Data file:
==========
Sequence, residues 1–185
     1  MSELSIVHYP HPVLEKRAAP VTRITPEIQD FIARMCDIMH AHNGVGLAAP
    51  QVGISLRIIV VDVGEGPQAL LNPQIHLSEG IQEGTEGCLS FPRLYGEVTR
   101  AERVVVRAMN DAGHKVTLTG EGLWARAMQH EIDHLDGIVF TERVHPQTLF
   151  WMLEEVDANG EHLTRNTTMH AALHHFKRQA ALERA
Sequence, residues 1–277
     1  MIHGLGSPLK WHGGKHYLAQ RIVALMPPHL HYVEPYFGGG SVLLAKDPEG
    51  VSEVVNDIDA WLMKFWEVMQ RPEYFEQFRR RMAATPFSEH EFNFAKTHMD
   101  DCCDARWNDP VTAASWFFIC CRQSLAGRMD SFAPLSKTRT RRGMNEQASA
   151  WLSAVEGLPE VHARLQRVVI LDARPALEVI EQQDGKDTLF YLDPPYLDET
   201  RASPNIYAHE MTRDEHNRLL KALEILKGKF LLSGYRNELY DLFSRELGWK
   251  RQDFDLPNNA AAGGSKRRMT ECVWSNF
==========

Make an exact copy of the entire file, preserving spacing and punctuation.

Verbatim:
Sequence, residues 1–185
     1  MSELSIVHYP HPVLEKRAAP VTRITPEIQD FIARMCDIMH AHNGVGLAAP
    51  QVGISLRIIV VDVGEGPQAL LNPQIHLSEG IQEGTEGCLS FPRLYGEVTR
   101  AERVVVRAMN DAGHKVTLTG EGLWARAMQH EIDHLDGIVF TERVHPQTLF
   151  WMLEEVDANG EHLTRNTTMH AALHHFKRQA ALERA
Sequence, residues 1–277
     1  MIHGLGSPLK WHGGKHYLAQ RIVALMPPHL HYVEPYFGGG SVLLAKDPEG
    51  VSEVVNDIDA WLMKFWEVMQ RPEYFEQFRR RMAATPFSEH EFNFAKTHMD
   101  DCCDARWNDP VTAASWFFIC CRQSLAGRMD SFAPLSKTRT RRGMNEQASA
   151  WLSAVEGLPE VHARLQRVVI LDARPALEVI EQQDGKDTLF YLDPPYLDET
   201  RASPNIYAHE MTRDEHNRLL KALEILKGKF LLSGYRNELY DLFSRELGWK
   251  RQDFDLPNNA AAGGSKRRMT ECVWSNF